Reviewed by Matt Serafini
Starring Reggie Bannister, James LeGros, Angus Scrimm, Paula Irvine, Samantha Phillips, Kenneth Tigar
Directed by Don Coscarelli
Distributed by Universal Home Entertainment
‘The ball’, a near afterthought of the original Phantasm, came screaming back into theaters in 1988 and writer/director Don Coscarelli found himself armed with a bigger budget and some professional actors mixed in amongst the returning favorites. The end result was a sequel far more straightforward than its predecessor, but despite the slick sheen, does Phantasm II measure up against an original film whose reputation only grew in the years following its release?
Yes and no.
On one hand, Phantasm II is a completely satisfying experience: The make-up effects are a stellar example of practical technology in the years before GCI entered the game, and Coscarelli’s direction is more confident here than in any of his other films. As such, we’re treated to some genuinely scary moments (the fantastically macabre funeral scene and its aftermath kicks around in your skull forever) which are evened out with welcome levity and a few nice character asides. Reggie and Mike’s bonding during their quest to kill the Tall Man places them among the most memorable horror heroes, and you couldn’t grow up in the 80s without thinking how badass Reggie’s double, double barrel shotgun was (despite taking more than a page from Evil Dead 2)!
But there are a few issues that prevent this one from achieving the artistic success of the original. It’s burdened with an occasionally sluggish pace that leaves the film feeling a tad slow and there’s a disappointing lack of the surreal and nightmarish. It’s the only one in the series to adopt a completely linear approach (save for the time-bending prologue) to the Tall Man’s reign of terror but, in doing so, Coscarelli robs his dreamlike world of much of its appeal. Very few films have ever been able to emulate the feel of the original Phantasm – presumably because it’s a lot harder to market something that will only baffle audiences – but that’s what makes it so memorable within the genre.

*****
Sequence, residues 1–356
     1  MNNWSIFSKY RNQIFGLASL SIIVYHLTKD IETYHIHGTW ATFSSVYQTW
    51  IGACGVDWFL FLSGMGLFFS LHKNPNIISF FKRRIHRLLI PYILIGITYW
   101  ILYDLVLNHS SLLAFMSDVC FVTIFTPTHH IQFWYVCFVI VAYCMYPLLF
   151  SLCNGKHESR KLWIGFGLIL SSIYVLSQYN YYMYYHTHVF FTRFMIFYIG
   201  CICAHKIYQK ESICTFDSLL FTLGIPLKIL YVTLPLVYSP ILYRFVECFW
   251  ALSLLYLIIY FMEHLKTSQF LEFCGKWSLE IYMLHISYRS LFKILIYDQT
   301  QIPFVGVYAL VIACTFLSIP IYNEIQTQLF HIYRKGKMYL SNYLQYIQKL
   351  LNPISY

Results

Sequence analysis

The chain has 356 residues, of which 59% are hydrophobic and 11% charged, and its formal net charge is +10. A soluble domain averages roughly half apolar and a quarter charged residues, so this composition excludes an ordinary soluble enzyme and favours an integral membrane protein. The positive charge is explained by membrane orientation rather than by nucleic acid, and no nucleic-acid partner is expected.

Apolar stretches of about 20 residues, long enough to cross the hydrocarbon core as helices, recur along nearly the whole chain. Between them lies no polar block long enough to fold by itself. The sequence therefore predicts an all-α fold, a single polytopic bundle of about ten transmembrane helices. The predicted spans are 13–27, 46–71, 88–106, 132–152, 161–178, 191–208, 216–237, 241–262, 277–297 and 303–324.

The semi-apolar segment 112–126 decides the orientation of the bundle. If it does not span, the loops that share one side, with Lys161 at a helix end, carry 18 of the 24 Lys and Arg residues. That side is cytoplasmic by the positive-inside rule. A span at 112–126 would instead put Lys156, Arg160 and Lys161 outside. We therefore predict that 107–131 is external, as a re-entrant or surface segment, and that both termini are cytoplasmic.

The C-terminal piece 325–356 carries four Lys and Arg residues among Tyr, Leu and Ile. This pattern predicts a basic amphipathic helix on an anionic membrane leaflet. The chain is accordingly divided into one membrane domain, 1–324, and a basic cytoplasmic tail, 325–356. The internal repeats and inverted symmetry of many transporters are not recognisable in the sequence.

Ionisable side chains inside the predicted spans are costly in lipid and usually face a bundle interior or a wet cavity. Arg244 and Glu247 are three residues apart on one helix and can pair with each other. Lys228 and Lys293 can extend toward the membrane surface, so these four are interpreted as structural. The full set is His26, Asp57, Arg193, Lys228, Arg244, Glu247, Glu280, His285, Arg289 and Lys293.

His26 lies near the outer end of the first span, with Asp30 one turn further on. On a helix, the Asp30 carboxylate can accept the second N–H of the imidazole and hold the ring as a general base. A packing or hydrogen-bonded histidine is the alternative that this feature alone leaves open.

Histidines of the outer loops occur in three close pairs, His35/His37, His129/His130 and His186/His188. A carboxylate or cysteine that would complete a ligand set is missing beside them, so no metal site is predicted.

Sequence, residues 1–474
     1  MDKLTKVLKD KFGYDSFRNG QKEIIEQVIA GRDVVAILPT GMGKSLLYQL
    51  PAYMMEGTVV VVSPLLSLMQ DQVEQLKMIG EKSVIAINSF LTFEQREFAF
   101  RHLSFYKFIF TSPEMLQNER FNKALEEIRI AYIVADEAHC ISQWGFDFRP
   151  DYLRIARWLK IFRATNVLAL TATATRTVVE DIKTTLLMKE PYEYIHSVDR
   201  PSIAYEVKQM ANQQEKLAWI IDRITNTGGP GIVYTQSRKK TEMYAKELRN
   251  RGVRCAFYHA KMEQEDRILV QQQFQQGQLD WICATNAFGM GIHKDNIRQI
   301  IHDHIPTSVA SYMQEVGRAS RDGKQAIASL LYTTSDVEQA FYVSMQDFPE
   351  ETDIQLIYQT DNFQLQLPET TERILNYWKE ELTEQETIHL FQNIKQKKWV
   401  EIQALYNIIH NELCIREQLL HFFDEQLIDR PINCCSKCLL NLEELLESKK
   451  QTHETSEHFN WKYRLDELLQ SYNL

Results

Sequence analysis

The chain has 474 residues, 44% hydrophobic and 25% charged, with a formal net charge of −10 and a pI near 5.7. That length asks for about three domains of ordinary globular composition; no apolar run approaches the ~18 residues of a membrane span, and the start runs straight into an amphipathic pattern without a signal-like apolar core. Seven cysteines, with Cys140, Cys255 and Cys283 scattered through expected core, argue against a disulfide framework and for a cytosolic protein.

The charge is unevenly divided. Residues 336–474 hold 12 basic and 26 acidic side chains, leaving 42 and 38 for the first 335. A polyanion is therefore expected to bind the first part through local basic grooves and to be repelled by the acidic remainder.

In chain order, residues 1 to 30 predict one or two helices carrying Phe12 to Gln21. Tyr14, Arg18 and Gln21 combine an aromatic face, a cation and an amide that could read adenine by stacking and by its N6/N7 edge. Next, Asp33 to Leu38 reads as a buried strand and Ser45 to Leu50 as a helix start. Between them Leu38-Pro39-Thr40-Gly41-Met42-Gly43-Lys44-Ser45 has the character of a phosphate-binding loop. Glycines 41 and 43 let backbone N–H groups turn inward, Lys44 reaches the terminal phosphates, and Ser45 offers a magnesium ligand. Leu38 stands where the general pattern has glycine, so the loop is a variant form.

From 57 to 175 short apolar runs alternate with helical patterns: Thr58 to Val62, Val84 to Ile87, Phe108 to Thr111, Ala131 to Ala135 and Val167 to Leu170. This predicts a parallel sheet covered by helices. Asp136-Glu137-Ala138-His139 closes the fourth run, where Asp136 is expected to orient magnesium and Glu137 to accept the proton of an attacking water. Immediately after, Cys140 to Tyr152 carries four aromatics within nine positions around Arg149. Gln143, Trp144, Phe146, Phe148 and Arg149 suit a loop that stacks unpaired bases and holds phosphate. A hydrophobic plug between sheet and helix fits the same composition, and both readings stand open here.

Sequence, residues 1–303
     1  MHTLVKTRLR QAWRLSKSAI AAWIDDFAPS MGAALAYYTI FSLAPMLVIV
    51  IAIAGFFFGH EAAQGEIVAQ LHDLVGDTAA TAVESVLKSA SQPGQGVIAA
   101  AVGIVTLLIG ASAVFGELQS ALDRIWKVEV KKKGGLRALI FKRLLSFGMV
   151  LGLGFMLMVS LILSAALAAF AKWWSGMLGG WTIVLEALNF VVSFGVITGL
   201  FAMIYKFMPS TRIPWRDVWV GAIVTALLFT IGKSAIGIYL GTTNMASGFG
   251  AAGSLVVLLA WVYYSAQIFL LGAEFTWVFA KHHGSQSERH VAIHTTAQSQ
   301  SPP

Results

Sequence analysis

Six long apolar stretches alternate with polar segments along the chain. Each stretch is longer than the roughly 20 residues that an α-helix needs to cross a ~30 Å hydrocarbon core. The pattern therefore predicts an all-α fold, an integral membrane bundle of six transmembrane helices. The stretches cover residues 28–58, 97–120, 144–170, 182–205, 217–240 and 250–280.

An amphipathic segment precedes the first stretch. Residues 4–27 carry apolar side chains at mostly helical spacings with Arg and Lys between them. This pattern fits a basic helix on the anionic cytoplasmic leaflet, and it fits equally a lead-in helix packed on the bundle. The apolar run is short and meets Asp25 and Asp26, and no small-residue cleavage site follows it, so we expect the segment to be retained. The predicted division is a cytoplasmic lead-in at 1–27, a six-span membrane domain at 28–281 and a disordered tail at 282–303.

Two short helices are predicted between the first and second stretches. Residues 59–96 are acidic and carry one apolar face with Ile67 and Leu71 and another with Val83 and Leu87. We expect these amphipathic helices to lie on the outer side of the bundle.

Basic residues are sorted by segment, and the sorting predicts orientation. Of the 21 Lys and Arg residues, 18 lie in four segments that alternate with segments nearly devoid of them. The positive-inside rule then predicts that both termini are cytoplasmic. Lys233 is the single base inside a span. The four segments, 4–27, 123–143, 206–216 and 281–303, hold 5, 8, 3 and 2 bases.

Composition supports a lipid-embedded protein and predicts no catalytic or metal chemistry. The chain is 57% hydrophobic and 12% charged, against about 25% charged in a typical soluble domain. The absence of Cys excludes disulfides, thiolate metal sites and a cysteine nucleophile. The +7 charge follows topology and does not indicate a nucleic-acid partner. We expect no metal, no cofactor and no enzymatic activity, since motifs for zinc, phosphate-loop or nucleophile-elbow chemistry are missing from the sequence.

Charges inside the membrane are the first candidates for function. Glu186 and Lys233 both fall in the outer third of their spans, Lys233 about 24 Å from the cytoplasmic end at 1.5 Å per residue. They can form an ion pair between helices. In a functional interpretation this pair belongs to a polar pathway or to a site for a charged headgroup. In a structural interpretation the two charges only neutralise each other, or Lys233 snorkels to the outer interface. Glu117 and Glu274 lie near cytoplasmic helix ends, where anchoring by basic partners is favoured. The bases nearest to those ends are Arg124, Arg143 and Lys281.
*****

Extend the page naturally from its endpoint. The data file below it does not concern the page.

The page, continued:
Part II tries to compensate with a barren atmosphere as our heroes trek across the country, each town more desolate than the last. It’s stated that The Tall Man is sucking the life out these places one by one but, if that’s the case, why hasn’t it attracted more attention? The first film was able to play off its more nonsensical ideas because of its “anything goes” dreamlike quality, but the real-world approach here raises more questions than answers.
Still, the good outweighs the bad. Angus Scrimm’s Tall Man is one of the genre’s most sinister creations and this sequel seriously amps up his carnage. With a crooked scowl and twisted glare, he’s the stuff of nightmares. Beyond that, the benefit of studio money allows the production to revel in some kickass sphere madness. And like any good sequel, Coscarelli succumbs to the “bigger is better” mentality by giving our heroes three fully equipped spheres to contend with while Reggie comes into his own as the intrepid hero we’ve come to know and love.
For my money, the later sequels would rectify some of my issues with Phantasm II (bringing back A. Michael Baldwin and Bill Thornbury while reclaiming the surreal nature of the original), but this one is a good time, regardless. Strap on your gas mask and get ready to exhume some graves, the Tall Man is back and you won’t want to miss this one if you liked the first go ‘round.
Universal has finally dusted off Phantasm II for its long-awaited DVD release. The good news? It’s a reliable transfer with a disappointing 2.0 stereo mix to accompany it. The bad news? Ten years into the digital era of home video and all we’re getting is the same old R-rated theatrical cut. In this age of “uncut” editions, it’s a shame that Universal couldn’t have put a little (read: any) effort into this release. And while we’re talking about supplementary material, it’s a shame that Universal couldn’t have worked out a deal with Anchor Bay U.K. to carry over the nice collection of extra material from their 2005 R2 release. The best we get here is a theatrical trailer. Come on Universal, do this bad boy right when it comes time to get it onto Blu-ray.
At the end of the day, I’m recommending this release because, at the very least, the transfer is a good one. Phantasm II has a nice sense of fun to it which makes it the perfect viewing material for this time of year. If you can’t import the R2 release, this is a respectable way to complete your collection, even if Universal could’ve put a little extra effort into debuting this disc.
4 out of 5
1/2 out of 5
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